Wisconsin History Day By Day


Related Web Sites:
The Battle of Fallen Timbers

Ohio History Central

Dictionary of Wisconsin History


Read More About It

"The Battles of Fallen Timbers" by Ronald C. Hood

"Bayonets in the Wilderness: Anthony Wayne's Legion in the Old Northwest" by Alan D. Gaff

"The Battle of Fallen Timbers, August 20, 1794: President Washington secures the Ohio Valley" by John William Tebbel

"The Frontiersman" by Allen W. Eckhert


Vocabulary:

decisive
coalition
evacuate
subsequent


Interesting Fact:

Participants in the Battle of Fallen Timbers included William Henry Harrison, who would become the ninth president of the United States, and Tecumseh, who became one of the greatest American Indian leaders.


Study Questions:

  • What were the issues and events leading up to the Battle of Fallen Timbers?
  • What treaty was signed as a result of the battle, and what impact did it have on the Native Americans?
  • Between the Battle of Fallen Timbers and Wisconsin's statehood in 1848, what was Wisconsin's territorial timeline?


    Search these newspaper databases for additional stories about the Battle of Fallen Timbers:

  • Wisconsin State Journal/The Capital Times
  • Milwaukee Journal Sentinel
  • BadgerLink Wisconsin Newsstand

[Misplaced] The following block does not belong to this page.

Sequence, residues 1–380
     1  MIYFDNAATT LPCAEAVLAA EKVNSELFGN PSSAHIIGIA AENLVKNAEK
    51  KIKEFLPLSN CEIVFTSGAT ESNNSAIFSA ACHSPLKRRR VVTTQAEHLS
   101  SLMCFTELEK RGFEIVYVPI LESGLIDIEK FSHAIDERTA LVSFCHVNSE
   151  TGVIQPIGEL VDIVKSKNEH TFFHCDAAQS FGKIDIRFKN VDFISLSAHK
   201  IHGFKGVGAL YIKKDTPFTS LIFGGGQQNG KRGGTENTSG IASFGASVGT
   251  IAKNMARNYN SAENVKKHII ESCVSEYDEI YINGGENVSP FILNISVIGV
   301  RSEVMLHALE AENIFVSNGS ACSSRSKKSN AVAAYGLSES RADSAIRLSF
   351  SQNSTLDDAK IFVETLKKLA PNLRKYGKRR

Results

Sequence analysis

• Wisconsin Historical Society


    U.S. historical events that occurred on August 20:

    1741: The first European explorer, Vitus Jonas Bering of Denmark, discovers Alaska.
    1866: The National Labor Union advocates an eight-hour work day.



  • August 20

    August 20, 1794: The final battle between Native Americans and the United States for the control over the Northwest Territory took place on this date. The Battle of Fallen Timbers, located in northwestern Ohio, involved many Indian tribes, including the Ojibwas and Potawatomis. The battle resulted in a decisive victory for the army, led by General "Mad" Anthony Wayne, and proved to be a turning point in the development of the Northwest Territory, the region that would eventually become the states of Ohio, Michigan, Indiana, Illinois and Wisconsin. The outcome of the battle was a deciding factor for the British, who had supported the Indian coalition, to evacuate their posts in the region. With the British now gone from the area and with subsequent treaties with the Native Americans, the path was clear for American settlement in the Northwest Territory.


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